A panoramic view of the Paphos Archaeological Park. (Sergey Galyonkin / CC BY-SA 2.0)
Searching for the Founders of the Fabrica Hill Cult
Could the temple, altar, and ceremonial banquet area have been built during the time when the Romans were occupying Cyprus? Perhaps the temple complex was constructed to honor Venus, the Roman version of Aphrodite. This might explain why the ancient temple didn’t seem to quite conform with the usual Greek model.
Notably, some of the best preserved and most spectacular ruins found in the Nea Paphos archaeological park can be traced to the Roman era. These include four large and impressive Roman villas, which feature striking mosaic floors and other features popular with Roman elites at the time.
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While the current research season at Nea Paphos has ended, the archaeologists plan to return in the future to continue searching for answers.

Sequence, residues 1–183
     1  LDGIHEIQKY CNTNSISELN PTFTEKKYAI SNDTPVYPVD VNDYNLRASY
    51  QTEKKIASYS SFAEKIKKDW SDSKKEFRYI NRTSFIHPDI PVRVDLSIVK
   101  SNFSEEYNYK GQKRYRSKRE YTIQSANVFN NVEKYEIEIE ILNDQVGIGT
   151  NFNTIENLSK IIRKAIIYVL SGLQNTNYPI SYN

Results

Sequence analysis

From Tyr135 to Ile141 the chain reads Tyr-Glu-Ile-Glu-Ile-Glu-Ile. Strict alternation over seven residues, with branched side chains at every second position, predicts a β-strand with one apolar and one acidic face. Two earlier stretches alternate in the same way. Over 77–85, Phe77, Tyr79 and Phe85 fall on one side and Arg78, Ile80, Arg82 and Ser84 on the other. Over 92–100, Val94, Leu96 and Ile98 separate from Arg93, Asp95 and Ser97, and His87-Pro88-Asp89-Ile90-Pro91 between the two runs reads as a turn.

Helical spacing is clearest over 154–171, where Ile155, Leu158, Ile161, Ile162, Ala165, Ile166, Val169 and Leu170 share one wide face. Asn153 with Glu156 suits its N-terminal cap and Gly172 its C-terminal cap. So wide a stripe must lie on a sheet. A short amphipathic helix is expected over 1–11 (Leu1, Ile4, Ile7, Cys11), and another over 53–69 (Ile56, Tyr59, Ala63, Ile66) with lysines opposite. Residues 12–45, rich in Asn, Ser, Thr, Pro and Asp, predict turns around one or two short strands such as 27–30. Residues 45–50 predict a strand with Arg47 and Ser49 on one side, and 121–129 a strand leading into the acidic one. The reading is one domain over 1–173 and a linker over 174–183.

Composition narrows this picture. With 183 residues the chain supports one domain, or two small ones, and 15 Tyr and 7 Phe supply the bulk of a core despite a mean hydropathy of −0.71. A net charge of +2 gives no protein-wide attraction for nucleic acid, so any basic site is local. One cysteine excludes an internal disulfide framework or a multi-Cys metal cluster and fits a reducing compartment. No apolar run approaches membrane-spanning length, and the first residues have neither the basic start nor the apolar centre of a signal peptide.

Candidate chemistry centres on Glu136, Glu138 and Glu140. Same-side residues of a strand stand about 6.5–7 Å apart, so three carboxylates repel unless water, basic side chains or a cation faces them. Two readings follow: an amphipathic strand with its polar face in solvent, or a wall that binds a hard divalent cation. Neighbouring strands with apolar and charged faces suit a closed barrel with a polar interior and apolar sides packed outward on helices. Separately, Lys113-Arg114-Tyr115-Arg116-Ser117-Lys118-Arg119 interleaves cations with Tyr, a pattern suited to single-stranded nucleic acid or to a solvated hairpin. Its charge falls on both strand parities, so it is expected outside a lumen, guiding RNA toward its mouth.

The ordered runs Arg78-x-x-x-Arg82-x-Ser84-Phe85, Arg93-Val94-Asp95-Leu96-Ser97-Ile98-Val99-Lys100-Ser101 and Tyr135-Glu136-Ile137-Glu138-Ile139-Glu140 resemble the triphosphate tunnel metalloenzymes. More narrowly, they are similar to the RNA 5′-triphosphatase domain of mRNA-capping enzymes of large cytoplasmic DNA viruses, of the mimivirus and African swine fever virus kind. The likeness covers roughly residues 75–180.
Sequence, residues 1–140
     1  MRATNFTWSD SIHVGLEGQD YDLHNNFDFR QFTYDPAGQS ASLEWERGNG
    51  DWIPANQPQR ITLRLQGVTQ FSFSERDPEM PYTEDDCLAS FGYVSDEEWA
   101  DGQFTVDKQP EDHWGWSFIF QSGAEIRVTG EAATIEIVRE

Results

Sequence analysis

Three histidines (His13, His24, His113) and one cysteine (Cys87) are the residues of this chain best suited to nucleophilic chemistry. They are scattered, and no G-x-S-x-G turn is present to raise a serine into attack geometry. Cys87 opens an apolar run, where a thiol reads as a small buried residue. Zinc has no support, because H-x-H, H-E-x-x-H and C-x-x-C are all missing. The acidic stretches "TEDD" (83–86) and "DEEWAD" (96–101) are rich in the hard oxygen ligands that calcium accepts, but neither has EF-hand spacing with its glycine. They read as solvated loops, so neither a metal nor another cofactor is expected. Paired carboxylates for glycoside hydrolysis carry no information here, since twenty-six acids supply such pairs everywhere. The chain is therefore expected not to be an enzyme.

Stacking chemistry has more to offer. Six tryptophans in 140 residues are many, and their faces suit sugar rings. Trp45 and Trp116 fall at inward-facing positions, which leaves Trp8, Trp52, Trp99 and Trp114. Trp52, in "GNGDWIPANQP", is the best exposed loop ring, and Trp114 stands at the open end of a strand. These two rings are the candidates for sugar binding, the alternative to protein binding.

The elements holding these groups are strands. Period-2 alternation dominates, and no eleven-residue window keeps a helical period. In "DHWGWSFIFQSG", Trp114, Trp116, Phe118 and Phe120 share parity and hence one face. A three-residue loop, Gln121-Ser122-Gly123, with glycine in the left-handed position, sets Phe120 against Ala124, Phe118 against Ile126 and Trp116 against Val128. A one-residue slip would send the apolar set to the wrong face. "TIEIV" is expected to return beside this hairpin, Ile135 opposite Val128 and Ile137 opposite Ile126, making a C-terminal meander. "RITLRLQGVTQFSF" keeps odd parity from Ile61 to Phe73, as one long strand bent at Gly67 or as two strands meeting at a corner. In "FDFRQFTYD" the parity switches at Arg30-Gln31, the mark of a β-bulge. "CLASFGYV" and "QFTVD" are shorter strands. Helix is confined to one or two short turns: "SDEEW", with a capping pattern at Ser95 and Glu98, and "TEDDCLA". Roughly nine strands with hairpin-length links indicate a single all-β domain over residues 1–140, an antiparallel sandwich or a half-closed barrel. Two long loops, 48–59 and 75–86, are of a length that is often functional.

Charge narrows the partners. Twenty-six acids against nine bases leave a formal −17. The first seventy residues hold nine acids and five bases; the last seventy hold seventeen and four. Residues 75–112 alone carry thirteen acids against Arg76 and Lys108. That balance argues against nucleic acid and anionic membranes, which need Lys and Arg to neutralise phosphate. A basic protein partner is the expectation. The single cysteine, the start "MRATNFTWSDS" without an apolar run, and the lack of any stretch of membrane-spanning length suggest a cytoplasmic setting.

"Our archaeological team is currently facing further tasks related to the comprehensive examination of the sacred area at Fabrica, leading to the final identification of the cult of deities or deities worshiped here in the Hellenistic and early Roman periods,” Professor Młynarczyk said.
With enticing ruins to explore that cover more than a thousand years of history, it will be a long time before archaeologists stop finding mysteries to solve at Nea Paphos.
Top image: The ruins of the Forty Columns Fortress in the Paphos Archaeological Park, Cyprus, not far from where the carved bedrock banquet area and ancient was recently unearthed on Fabrica Hill. Source: dudlajzov / Adobe Stock
By Nathan Falde